Digital certificates are used to verify the security and authenticity of a software application, and are commonly used for distribution of commercial and non-commercial applications. Depending upon your needs, you can purchase these certificates from vendors such as Thawte (http://www.thawte.com) and VeriSign (http://www.verisign.com).
While a self-signed certificate will work for testing and limited distribution, if you are considering making your AIR application available for sale, or wide distribution, a certificate can provide an extra level of confidence for your consumers.
Installing your new AIR application is an easy task, especially if you’ve already taken the time to install the Adobe AIR Runtime. Adobe AIR does the work for you, registering your new application on the system and making it available, just like any other application on your computer.
1 From your Windows Explorer or Mac Finder, locate the WeatherMate.air installer file that you published to the fl14lessons folder.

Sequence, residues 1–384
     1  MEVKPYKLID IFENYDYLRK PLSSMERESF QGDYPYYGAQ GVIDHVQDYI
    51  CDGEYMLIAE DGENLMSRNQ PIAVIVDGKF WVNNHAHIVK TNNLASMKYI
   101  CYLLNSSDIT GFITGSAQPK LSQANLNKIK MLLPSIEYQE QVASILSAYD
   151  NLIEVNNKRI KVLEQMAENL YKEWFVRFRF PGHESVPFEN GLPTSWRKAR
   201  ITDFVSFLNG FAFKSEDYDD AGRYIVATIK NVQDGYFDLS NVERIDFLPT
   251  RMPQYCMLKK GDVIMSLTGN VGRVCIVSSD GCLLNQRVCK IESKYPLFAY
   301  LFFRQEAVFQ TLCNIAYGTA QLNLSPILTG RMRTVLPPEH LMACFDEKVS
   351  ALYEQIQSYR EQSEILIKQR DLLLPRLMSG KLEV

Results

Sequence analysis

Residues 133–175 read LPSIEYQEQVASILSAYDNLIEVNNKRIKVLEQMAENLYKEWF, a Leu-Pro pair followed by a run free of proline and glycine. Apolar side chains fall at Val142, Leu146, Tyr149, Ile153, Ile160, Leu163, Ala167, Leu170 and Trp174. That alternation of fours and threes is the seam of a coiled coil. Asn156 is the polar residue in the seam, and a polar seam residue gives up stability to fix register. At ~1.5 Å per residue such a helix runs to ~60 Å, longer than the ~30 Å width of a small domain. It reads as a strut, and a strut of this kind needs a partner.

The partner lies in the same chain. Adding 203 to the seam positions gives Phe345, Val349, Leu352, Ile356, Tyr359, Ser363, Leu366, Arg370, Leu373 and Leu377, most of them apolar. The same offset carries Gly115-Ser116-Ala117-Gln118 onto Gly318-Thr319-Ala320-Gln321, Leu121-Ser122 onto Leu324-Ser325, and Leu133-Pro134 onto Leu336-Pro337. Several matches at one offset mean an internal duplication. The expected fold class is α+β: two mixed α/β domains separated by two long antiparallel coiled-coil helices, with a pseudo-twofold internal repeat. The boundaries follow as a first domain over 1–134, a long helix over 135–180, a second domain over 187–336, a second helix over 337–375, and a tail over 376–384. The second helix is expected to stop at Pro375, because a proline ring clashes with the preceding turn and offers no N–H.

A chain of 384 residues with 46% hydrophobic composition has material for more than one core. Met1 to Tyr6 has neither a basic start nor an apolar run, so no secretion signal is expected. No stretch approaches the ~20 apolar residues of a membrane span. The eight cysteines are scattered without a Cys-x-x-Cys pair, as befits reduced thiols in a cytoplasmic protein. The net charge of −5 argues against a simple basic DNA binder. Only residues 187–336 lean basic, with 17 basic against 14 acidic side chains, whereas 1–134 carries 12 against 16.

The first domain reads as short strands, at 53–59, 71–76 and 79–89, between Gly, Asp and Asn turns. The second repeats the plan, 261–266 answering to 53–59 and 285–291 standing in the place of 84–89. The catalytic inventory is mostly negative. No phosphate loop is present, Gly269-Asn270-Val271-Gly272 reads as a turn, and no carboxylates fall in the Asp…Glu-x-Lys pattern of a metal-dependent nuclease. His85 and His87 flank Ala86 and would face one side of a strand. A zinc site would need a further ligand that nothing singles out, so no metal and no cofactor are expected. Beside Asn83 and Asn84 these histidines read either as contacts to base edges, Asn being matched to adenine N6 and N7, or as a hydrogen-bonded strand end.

On Windows, if your extensions are hidden you may need look closely at each weathermate file and choose the Adobe Air application. If you are still unsure, select a file, right-click and choose Properties, then locate the type. You can double-click Adobe Air applications to open them.
2 Double-click the installer file; this will open the Adobe AIR installer dialog box.
3 The dialog box will confirm that you want to install the application. Press OK to begin installation.
4 When the installation is complete, locate your new application under the Start menu (Windows) or the Applications folder (Mac OS), and launch it.
You will notice that the WeatherMate application appears with no defined background or window; the desktop below, and only the application artwork itself shows. This is because you chose the Custom Chrome (Transparent) option in your publish settings in the previous exercise. Remember that a Flash movie is actually transparent, so the stage will not appear in this environment.